What a few days it has been for supporters of Omiya Ardija. With huge concerns over the club's lack of investment during the World Cup break, it was with more than a degree of trepidation that fans approached the first fixture against Jubilo Iwata, but a positive attacking performance against a decent side resulted in chances being created and ultimately a 2-1 victory. Off the pitch, there was a massive amount of media interest in the presence at the match of new Japan coach Ivica Osim - and Squirrels supporters could be forgiven for having a wry smile on their faces when they scan the headlines of Japan's sports papers at the moment to read phrases such as "post-Nakata" being used in conjunction with Ardija's own Daigo Kobayashi.
For a matter of just a couple of months ago, it felt as if Kobayashi and the stunning success of his move from Tokyo Verdy 1969 was a secret shared only by the orange part of Saitama's football community. The half-joke at that time was that Daigo could have been a wildcard late addition to Zico's World Cup squad - when in fact, Zico was so far from being a wildcard kind of coach that he instead elected to stick to so many older, out-of-form players that Japan had little opportunity to make an impact in Germany. Now, of course, the whole of the Japanese media is writing about Omiya's star turn as symbolic of a new team and a new beginning on the road to South Africa 2010.
As yet, this sudden attention seems to have succeeded only in renewing the determination of the level-headed 23-year-old Kobayashi to work hard and improve further. Clearly in the short-term this can only be of benefit to Omiya Ardija, although fans - by nature a pessimistic bunch - will no doubt be asking themselves how long a small club like Ardija can hold on to a talent that has blossomed so rapidly since the beginning of the season. Seeing the player in a red shirt for the JOMO All Stars game was in some senses a heart-stoppingly unpleasant experience for orange supporters.
But problems of that type are in the future; for now, there's a further acknowledgment to be made as to how the current situation of high excitement has come about. Given that he has received such criticism for perceived inflexibility and frequently poor decisions in the transfer market, credit must also be given to coach Toshiya Miura for pushing Daigo into a more attacking midfield role, to which he has demonstrated himself to be so eminently well-suited.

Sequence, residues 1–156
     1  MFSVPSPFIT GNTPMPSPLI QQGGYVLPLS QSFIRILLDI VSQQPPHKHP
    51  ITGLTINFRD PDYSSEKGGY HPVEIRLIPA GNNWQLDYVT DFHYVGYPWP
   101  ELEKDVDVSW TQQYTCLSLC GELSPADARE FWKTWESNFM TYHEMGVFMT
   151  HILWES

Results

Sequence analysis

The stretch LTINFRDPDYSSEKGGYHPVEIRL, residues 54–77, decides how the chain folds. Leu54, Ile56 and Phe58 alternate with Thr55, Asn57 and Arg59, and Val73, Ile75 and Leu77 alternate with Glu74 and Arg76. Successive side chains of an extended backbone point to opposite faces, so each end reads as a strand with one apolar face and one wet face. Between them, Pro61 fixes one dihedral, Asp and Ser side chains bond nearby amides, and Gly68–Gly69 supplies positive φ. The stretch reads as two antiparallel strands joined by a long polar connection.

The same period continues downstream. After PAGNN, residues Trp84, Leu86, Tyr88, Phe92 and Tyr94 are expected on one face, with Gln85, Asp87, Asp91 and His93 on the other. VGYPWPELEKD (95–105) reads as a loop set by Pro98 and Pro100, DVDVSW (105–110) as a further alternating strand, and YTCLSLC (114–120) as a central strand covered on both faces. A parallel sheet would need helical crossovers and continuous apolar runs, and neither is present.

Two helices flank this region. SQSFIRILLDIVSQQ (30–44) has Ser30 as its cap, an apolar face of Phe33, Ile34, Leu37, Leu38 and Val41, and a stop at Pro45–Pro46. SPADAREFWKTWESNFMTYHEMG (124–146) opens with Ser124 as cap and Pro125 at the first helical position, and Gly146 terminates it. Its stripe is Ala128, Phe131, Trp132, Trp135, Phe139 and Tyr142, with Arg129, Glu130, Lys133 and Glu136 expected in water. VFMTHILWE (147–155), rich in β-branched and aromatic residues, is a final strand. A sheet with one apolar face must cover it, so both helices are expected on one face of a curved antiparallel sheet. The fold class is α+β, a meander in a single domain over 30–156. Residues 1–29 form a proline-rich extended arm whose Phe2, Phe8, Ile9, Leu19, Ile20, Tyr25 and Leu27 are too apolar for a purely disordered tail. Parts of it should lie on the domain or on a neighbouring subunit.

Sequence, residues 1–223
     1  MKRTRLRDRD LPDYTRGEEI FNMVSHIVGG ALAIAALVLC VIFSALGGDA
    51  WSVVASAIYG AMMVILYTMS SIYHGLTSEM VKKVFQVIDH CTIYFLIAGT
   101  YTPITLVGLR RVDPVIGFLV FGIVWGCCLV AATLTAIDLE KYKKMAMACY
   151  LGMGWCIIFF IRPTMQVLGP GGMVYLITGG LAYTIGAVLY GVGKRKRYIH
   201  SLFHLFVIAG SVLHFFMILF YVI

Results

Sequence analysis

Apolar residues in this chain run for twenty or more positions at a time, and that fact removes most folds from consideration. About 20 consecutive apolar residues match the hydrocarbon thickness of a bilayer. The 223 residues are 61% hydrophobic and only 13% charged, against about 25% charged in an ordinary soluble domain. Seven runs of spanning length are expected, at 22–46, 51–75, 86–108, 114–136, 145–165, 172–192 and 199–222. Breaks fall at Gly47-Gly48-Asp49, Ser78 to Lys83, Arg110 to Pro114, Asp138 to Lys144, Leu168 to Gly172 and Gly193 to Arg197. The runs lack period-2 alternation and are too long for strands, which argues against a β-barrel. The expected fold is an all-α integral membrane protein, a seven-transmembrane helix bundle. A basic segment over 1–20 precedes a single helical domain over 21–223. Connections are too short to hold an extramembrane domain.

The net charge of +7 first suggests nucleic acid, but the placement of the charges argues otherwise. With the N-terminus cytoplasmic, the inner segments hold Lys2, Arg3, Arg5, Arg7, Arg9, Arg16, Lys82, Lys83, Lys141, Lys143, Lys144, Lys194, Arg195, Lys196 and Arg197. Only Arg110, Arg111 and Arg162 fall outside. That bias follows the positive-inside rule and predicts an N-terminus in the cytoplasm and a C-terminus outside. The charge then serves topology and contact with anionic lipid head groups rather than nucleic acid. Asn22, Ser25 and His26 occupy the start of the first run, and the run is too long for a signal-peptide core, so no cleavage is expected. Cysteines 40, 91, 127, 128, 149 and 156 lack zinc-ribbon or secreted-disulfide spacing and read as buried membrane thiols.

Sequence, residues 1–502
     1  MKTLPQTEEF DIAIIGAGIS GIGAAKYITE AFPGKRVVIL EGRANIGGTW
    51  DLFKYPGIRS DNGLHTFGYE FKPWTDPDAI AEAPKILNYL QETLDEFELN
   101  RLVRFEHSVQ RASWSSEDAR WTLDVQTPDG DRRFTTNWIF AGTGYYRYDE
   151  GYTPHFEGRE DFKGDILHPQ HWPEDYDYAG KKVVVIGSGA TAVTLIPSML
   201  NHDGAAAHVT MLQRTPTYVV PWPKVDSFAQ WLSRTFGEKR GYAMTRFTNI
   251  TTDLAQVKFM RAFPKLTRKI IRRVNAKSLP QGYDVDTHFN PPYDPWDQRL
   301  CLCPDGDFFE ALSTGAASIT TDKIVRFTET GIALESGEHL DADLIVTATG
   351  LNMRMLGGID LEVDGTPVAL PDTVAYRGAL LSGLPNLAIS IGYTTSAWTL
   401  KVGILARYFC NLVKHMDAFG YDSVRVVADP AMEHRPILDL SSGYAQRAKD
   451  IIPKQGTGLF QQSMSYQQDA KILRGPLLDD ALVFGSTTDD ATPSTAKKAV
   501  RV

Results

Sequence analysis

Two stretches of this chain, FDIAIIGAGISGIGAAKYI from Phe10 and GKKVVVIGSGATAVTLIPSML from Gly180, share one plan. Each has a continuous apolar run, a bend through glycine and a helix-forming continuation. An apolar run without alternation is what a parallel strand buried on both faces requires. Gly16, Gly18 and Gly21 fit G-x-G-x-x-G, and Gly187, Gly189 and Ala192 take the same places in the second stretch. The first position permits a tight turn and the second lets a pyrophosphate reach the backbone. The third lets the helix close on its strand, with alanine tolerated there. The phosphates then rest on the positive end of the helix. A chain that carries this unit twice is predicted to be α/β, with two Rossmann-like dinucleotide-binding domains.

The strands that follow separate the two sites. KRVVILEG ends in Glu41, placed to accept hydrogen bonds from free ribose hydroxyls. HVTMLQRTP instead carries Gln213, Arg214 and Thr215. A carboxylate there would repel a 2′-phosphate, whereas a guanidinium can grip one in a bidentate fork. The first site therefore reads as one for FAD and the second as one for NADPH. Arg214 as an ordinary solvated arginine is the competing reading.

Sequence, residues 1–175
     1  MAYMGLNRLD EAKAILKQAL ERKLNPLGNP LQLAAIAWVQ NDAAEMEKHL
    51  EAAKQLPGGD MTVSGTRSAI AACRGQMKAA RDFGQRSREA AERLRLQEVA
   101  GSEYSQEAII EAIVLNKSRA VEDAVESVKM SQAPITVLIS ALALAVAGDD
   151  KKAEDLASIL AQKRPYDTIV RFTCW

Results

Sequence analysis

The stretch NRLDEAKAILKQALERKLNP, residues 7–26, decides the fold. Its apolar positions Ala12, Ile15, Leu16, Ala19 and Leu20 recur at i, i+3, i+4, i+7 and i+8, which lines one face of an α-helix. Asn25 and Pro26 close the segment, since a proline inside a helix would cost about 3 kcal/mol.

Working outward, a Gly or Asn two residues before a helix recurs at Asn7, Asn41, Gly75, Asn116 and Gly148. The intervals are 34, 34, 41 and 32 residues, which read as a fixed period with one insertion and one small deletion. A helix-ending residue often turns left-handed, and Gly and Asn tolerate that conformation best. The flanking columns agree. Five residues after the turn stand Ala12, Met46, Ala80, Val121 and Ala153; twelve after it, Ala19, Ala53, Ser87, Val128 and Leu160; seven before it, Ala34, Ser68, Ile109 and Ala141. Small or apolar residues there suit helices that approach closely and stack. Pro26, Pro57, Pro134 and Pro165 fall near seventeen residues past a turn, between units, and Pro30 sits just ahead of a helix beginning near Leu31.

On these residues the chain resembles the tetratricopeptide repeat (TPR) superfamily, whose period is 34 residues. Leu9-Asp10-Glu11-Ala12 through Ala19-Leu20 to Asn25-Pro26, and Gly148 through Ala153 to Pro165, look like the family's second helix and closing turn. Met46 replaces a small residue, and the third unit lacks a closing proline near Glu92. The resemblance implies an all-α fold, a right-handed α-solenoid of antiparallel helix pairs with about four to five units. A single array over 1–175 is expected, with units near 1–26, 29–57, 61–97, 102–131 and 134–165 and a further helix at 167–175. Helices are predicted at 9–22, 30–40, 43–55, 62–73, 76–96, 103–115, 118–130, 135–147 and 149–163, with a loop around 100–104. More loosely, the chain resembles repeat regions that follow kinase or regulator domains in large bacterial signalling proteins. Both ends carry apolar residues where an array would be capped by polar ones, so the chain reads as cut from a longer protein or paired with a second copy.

The press have concentrated on Kobayashi's remarkable scoring record and the number of assists he has contributed to a largely mediocre team this year and it should not be forgotten that despite picking up a considerable amount of experience for a young player when he was with Verdy, it has only been since his transfer to Saitama that Daigo has had the chance to shine as a genuine playmaker.
Until the first Osim national team squad is announced on 6th August for the friendly against Trinidad and Tobago, doubtless the speculation will continue. Ardija fans will hope that not only Kobayashi but the whole of the Omiya team will be able to continue the good work of the Jubilo game against Kofu on Saturday, followed rapidly by further fixtures with Nagoya and Kyoto next week.
Kofu of course means one thing to Squirrels fans: the threat of Bare, who was off target during the teams' Nabisco Cup meeting early in May, but can never be discounted from giving a defence a hard time with his pace and strength. Kofu have made some signings during the break - notably tough tackling midfielder Takehito Shigehara and striker Hiroyuki Ishida - that may bolster their attempts to stay in J1, but Biju will be missing from Saturday's game due to suspension and anything less than three points will surely be considered a failure for this buoyant Omiya side.